After emailing Eric about writing for Cinedelphia I had no idea that my first assignment would be one that would both test my love for bad cinema and push it to its limits. Knowing I was a huge Troma fan, Eric just happened to have three Troma films that needed reviewing, and it was up to yours truly to watch all three and report back my findings.
First up was Jessicka Rabid, the 2010 Troma release directed by Matthew Reel and starring Elske McCain and Trent Haaga (Troma regular and writer of Deadgirl). The mentally disabled girl of the title is treated like a dog by her “family”, who spend much of their time either exploiting or raping her until Jessicka can’t take anymore and exacts her much deserved revenge. Think of it as Unleashed with a lot of rape instead of kung fu.
The film is presented in 1:78:1 anamorphic widescreen and was obviously shot on consumer-grade video cameras. It seemed poorly lit and later filtered to try to look like film, which is not a bad thing and is generally the norm in this day and age, but there are so many filters on the image at times that it turned into a muddy, digital-artifacted mess. Even up-scaled on a decent projector the film was hard to watch.
The extras on the disc, as with most Troma releases, are plentiful and consist of some behind the scenes footage including a gag reel, a regular slide show, and a “sexy” one of star Elske McCain. The standout on the disc extras-wise is the interview with Trent Haaga about life in Hollywood after graduating from Troma and going on to write Dead Girl. It’s amazing how many folks got their start with Troma and I am always fascinated to hear them share their experiences.
Next up was Klown Kamp Massacre, which definitely looked like a bit more money and time was spent on the production values compared to Jessicka. The film was written and directed by Philip Gunn and David Valdez and is essentially a Friday the 13th slasher homage with a camp for clowns in place of Camp Crystal Lake. The film’s constant clown humor and situations wear thin about a quarter of the way through, after that it becomes more of an endurance test than anything else.
Klown Kamp Massacre looked like it was shot on HD and was presented in 1:78:1 anamorphic widescreen on the disc. The film honestly looked great with some of the best picture quality I’ve seen on a Troma release to date. The colors were vibrant and video quality was on par with most bigger budgeted releases. My only nitpick quality-wise is that the film was only presented in Dolby Stereo.
The extras on the disc included the standard Troma disc fillers, a short film by the directors of Klown Kamp (shot of VHS which further showed their unhealthy obsession with bad clown humor), and web shorts that seemed to be comprised of some of the same content as the behind the scenes piece. There was also an audio commentary by the filmmakers, which I found interesting as they were very candid when discussing the process of raising the money and making the film in a way you rarely hear on commentaries these days.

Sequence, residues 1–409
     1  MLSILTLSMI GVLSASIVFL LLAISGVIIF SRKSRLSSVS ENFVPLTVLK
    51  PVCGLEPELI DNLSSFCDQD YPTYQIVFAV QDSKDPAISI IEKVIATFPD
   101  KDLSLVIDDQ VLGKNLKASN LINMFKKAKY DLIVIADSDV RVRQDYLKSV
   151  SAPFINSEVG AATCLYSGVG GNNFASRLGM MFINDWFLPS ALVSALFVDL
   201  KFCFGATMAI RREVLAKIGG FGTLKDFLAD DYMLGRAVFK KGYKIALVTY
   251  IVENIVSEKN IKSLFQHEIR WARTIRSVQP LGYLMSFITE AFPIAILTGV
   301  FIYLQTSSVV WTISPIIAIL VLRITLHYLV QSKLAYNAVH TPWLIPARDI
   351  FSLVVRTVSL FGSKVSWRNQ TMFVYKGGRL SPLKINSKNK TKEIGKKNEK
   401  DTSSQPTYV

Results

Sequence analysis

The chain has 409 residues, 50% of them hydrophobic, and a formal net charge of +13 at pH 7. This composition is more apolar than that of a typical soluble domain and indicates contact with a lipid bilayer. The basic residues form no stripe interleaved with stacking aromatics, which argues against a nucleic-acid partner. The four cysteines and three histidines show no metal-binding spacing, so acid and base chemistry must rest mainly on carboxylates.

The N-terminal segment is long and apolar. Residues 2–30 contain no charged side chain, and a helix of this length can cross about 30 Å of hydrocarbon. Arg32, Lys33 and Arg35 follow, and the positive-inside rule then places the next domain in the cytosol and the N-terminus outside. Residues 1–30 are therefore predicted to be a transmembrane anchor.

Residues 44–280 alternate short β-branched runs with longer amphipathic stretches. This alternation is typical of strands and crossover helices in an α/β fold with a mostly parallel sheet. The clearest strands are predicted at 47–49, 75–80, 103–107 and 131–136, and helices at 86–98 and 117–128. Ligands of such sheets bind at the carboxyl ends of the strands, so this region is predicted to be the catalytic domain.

The last release was the two-disc Astron-6 Collection. Astron-6 is the Canadian production company behind the recent genre releases Manborg and Father’s Day, which just won Best Film at Toronto After Dark 2011. From the opening Vestron Video logo homage you really know what you’re in for with this compilation of some great short spoofs on various genres, from ‘80s comedies to Fulci zombies.
The videos in this two-disc set vary in both quality and aspect ratio, as it’s a compilation of 18 various shorts and web series made by the collective over the years. While some shorts look very polished, some you can tell were done while they where just beginning to learn the ropes. Like the video, the audio quality varies and changes from short to short.
The extras on this set are broken up by short with each segment having its own selection of commentaries, behind the scenes photo galleries, and various other bonuses followed by even more shared extras on the second disc. The commentaries are a lot of fun and you can really tell that they have almost as much fun behind the camera as viewers do watching their creations. Curiously absent is the standard Troma bonus filler.
If I had to recommend one DVD of the bunch then this would have to be it. It’s genre cinema made by people who both love and understand it, if you’re a fan then you’ll probably find something on this set to your liking. I really wasn’t aware of Astron-6 before checking this out, but I am definitely a fan now.